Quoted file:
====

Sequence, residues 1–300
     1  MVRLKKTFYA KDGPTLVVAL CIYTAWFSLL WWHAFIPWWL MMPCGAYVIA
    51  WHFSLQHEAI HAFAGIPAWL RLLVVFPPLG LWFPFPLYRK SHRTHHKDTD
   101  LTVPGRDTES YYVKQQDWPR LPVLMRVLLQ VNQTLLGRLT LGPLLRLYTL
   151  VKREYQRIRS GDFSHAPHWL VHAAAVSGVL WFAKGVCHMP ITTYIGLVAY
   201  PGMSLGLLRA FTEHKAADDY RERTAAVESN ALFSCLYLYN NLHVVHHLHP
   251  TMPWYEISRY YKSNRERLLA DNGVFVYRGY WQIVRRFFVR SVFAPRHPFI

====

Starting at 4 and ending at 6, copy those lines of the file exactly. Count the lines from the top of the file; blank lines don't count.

   101  LTVPGRDTES YYVKQQDWPR LPVLMRVLLQ VNQTLLGRLT LGPLLRLYTL
   151  VKREYQRIRS GDFSHAPHWL VHAAAVSGVL WFAKGVCHMP ITTYIGLVAY
   201  PGMSLGLLRA FTEHKAADDY RERTAAVESN ALFSCLYLYN NLHVVHHLHP